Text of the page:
Yesterday, I took the day off from work. But don’t think for one minute that a day off of work meant no work for me. It turned out to be just like any other day at the office. Instead of an office chair, I parked my bottom on a bicycle seat and spent over 70 miles getting the job done.
Heading off on my bike, I rode 90 minutes across the gently rolling hills and farmlands of the far western suburbs. The morning was mine with light winds, low traffic, and a cool overcast sky. But this didn’t last long and this was no coffee break of a ride. Word at the water cooler was that Liz had some hard work ahead of her. The ‘Duathlon Worlds Hill Repeats’ project with an upcoming deadline of July 29 – did you get the memo?
When I arrived on Campton Hills Road, management slapped the file folder of pain in front of me. My assignment – 12 x 3 minute hills climbed in a variety of ways – sitting @ 65 rpms, standing @ 75 rpms, stomping and mashing @ 45 rpms. Apparently this assignment was part of the company’s strategic plan – the mission, to kill the hills at Duathlon Worlds with specific directions from management – “your legs should be trashed by the end” – directions that left me thinking who is management and how did they get promoted to that position.
I arrived at the bottom of the hill ready to tackle this project. If killing the hills was the mission, then the vision would be all mine. And like any good vision, it would require active visualization to see myself through. In my mind, I was climbing the hills of CornerBrook at Duathlon Worlds. In a moment, I took my mind there, found myself climbing against the gorgeous backdrop of Newfoundland, and I was ready to ride. The first 2 times up the hills I held back, finding my rhythm and settling in. The next 9 were serious work and I got serious about it. Hold my calls, because I had a very important meeting with some potential clients – my competition. I had checked the staff directory for Worlds and located the top performers – Kirsten, Kiera, Suzanne, Sarah. I dragged them with me up each and every one of those climbs. Someone call Human Resources because surely this constituted harassment on my part. I was their personal pain escort and together we crushed that hill, side by side. They were pushing me, challenging me, and I could always see them getting just ahead of me by the end. In an act of extreme effort, I would edge my way past them, pushing up and over the steepest part of the hill, reaching wattage well beyond my normal capabilities. The last one sent my legs straight to basement of the office building, my quads, my feet, my breathing all exhausted and made heavy by this hill.
After that last hurrah up the hill, I was done – 100 percent checked out with a letter of resignation in hand. Ahead of me, another hour of riding, like a painful meeting with upper management. My legs were so trashed that the thought of pedaling for another hour made me want to crawl under my desk and hide. Instead, I wanted to change the voicemail, create a reactive e-mail rule – Liz has left the office building, you have reached an inactive account.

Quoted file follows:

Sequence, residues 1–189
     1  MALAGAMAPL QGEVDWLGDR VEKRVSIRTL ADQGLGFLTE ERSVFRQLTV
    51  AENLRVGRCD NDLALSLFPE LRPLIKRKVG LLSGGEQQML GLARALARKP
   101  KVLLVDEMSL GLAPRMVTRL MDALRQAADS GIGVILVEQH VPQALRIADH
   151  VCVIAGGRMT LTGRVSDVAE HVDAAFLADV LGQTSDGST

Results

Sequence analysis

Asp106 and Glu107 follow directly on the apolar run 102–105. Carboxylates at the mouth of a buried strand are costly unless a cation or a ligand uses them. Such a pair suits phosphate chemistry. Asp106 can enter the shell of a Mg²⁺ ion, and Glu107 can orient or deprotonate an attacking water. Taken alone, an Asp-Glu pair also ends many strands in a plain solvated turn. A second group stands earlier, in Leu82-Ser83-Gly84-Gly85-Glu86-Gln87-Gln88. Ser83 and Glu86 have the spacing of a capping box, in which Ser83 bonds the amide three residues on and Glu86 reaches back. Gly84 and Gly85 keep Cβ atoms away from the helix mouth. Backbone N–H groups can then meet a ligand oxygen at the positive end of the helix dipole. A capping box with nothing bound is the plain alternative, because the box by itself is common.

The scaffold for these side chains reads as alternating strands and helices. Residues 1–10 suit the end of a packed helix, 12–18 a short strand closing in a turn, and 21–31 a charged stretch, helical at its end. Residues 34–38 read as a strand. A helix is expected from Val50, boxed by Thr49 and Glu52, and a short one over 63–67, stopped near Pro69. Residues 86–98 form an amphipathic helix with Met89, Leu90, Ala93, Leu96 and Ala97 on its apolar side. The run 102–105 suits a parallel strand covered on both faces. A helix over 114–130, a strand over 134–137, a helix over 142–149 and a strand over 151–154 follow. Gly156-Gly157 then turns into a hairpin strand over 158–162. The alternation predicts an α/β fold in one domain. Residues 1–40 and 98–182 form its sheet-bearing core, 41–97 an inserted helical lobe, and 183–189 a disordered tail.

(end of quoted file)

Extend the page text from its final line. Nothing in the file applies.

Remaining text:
But I was still on the clock and there was still work to be done. I started to head out for the last hour of riding and immediately it felt like someone had taken a Swingline and stapled my legs shut with pain. But I continued on, because no one was going to finish this ride for me. No one was going to do my job. In retaliation, my legs were begging to call customer service with a complaint.
With 30 minutes left, I pulled over to the side and my legs would give no more; I jammed the copier, downloaded a virus, the printer literally ran out of toner and was spitting out page after blank page of nothingness. Somebody please troubleshoot me because I was on the bottom floor, in the corner cubicle, and I think I saw Milton down there, with his stapler and his files.
I took a look around on this bottom floor, and what I saw were loads of files – files of years of focus, determination, and hard work. My files – my successes, my failures, my personnel record filled with annual plans, mid-year progress reports, goals, reviews, letters, certificates – oh they’ve been keeping an eye on me and keeping records too.
In looking through those files, you begin to realize that years of experiences, years of commitment to the company will pay off. You’ll get through this, and any other project that comes your way. You’ve been a success before and a failure, and regardless they still kept you on staff. For whatever reason, they believe that you are the best person for the job. And it’s up to you to be your own Chief Executive Officer and take charge of the task at hand. So you best employ yourself and get your rear riding again.
I returned from the ride and got ready for a 30 minute run. At this point, I desperately needed a lunch break but there was still some work to be done. I thought about loafing and letting myself go easy for the run – to zone out and sit in the back of the meeting doing Sudoku with a sharpened pencil. But management would frown upon that. And, more importantly, they’re keeping those files on me and I’ll be damned if I get disciplined for not doing this run.
I ran hard, I ran fast. It was hot, apparently the AC was out again, and I was hungry, thirsty, sore. I cranked through those miles like a copier collating hundreds of papers into meticulously sorted piles.
And when I was done, I shut the computer down and went back home. Liz had logged off for the day. Another day at the office, done.
On the way home, I finally took my coffee break and stopped at Caribou. And as the girl behind the counter asked me if I wanted my coffee hot or iced and I realized that I had more work ahead of me – obviously she was new on staff and unaware of the 100 reasons why iced coffee was strategically wrong and not a part of this company’s master plan.